Open Government Data – Separating “Data” from “Government”

Open Government Data (OGD) is the new hope. Many nations have developed, or are on the verge of developing open government data platforms with an aim to improve and potentially transform the manner in which their government is run. US, UK and even developing countries like Chile, Ghana have joined the open government data bandwagon. Obama’s Open Government Directive designed to implement the principles of “transparency, participation, collaboration” within the operations of US administration is a true testament of the value governments see in this initiative.

In spite of this focus unfortunately the terrain of open government data is still relatively unfamiliar. To achieve this goal, Yale ISP Working Paper titled, “The New Ambiguity of Open Government“, by Harlan Yu and David G. Robinson attempts to dissect the aspect of data from government to help us understand the domain of open government data better.

As per the paper, data and government are visualized as two dimensions of the open government data, and the key features of the open government data are:

  • Data Dimension – Easily accessible and reusable public sector data.
  • Government Dimension – Promote government transparency and enhance public delivery.

The data and the government dimension along with some OGD initiatives examples are shown in the matrix below.

Each of these initiatives has different levels of data adaptability and political/social nature, and hence, different open government data initiatives fall within different quadrants in the matrix. The governments must aspire to share “adaptable data” with an aim to enhance governmental transparency and “service delivery” to its citizens. Therefore, the more the initiatives fall in the upper half of the matrix the better is the open government data platform.

The paper gives the example of Hungarian cities of Budapest and Szeged which provide bus transit schedules and argues that such data is both open and governmental but this “has no bearing on Hungarian government’s troubling lack of transparency.” In light of the above example, the paper argues an important point that simply providing “platform independent, machine readable, and reusable data” does not make a government “open and transparent.” What matters is the nature of public sector data the governments make available?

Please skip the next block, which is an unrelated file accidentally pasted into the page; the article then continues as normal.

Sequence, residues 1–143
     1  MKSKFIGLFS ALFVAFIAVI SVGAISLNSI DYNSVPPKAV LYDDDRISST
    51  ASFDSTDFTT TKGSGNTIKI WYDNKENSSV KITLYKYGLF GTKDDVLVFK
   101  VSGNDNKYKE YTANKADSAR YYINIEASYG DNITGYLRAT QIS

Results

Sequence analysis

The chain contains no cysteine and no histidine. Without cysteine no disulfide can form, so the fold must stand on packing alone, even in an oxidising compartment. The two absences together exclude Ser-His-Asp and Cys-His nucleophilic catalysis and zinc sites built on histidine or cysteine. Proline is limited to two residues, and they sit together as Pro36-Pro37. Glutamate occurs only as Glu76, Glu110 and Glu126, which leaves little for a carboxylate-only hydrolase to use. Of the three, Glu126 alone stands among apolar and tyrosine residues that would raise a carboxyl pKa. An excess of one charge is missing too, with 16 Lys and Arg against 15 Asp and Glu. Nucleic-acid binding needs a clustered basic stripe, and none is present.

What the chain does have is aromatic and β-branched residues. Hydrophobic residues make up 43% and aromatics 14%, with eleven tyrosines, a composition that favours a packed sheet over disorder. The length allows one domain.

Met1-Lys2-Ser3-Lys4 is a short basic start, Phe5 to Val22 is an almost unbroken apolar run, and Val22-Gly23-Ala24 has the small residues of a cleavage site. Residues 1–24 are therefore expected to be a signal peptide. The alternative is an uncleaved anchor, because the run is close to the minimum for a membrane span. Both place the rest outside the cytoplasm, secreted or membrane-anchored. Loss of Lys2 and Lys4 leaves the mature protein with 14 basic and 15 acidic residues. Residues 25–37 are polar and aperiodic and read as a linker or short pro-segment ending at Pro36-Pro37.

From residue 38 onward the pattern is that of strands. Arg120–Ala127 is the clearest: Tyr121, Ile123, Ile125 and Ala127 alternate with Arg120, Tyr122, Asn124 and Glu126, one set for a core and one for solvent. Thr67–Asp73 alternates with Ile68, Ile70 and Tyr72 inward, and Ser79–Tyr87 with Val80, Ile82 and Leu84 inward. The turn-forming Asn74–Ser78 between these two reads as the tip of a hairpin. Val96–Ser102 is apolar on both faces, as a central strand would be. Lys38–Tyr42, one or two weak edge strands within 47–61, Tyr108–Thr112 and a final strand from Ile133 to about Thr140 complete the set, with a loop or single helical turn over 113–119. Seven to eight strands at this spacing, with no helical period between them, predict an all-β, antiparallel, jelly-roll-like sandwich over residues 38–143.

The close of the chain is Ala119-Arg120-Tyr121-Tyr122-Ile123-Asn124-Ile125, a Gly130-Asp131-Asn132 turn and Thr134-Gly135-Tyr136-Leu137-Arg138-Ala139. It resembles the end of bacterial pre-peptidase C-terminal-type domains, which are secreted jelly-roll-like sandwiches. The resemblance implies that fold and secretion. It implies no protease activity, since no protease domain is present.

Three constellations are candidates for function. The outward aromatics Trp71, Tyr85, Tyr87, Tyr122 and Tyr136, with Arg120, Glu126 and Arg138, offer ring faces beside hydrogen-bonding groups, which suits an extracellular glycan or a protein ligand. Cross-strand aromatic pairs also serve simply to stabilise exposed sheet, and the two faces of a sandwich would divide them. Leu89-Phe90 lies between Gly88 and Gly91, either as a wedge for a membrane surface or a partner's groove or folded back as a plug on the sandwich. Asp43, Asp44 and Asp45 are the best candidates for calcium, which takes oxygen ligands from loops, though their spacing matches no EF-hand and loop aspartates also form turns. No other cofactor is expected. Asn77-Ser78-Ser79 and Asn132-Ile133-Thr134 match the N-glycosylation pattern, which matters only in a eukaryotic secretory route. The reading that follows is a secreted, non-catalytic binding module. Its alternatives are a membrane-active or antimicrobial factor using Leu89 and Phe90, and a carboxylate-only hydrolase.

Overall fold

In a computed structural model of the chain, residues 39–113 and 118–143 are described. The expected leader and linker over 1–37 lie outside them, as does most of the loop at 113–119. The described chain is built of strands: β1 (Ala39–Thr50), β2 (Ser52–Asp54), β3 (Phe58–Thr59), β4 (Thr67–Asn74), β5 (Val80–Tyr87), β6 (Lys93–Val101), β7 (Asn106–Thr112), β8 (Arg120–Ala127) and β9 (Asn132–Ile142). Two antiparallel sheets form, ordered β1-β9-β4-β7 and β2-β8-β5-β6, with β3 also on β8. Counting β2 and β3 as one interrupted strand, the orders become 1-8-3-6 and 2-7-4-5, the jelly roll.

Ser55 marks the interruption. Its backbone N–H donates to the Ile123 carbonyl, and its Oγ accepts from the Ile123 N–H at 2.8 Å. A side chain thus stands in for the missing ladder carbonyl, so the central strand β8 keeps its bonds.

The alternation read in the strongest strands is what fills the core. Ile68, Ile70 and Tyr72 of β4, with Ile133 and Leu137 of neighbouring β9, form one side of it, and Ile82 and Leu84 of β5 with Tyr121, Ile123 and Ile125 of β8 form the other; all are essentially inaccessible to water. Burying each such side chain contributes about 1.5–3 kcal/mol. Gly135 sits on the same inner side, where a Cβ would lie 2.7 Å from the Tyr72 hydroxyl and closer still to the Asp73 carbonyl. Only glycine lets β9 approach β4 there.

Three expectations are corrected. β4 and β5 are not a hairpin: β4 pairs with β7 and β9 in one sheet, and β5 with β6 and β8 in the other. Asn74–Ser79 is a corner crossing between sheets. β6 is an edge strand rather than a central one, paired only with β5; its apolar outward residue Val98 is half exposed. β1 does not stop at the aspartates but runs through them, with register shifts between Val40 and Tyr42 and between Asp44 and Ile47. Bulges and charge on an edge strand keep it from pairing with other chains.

The paper also separates the technological dimension of OGD from its political dimension and argues that “separating the ideal of adaptable data from that of transparent politics” is an important aspect to help us understand the nature of OGD and the benefits it can bring. Hence it’s critical that OGD practitioners and policy makers consider technology as an enabler and make room for human concerns as it’s not technology, but people, organizations and governments that will determine what benefits OGD brings to all. Certainly interesting times lie ahead on how OGD evolves in various nations!

Interested to view comments on how people feel

  • the domain of open government will evolve
  • what aspects of public sector data various government will share with its citizens and with what aims
  • will there be a difference in the nature of data made available OGD initiatives in developing and developed countries

*The matrix and all the quotes in the article are taken verbatim from the paper titled, “The New Ambiguity of Open Government.”


About Ankit Sharma

Born in Kashmir, Alumni of London School of Economics, Currently working for the Royal Bank of Scotland, Living in London with absolute passion and hope in the user of Information Technology to solve social problems.
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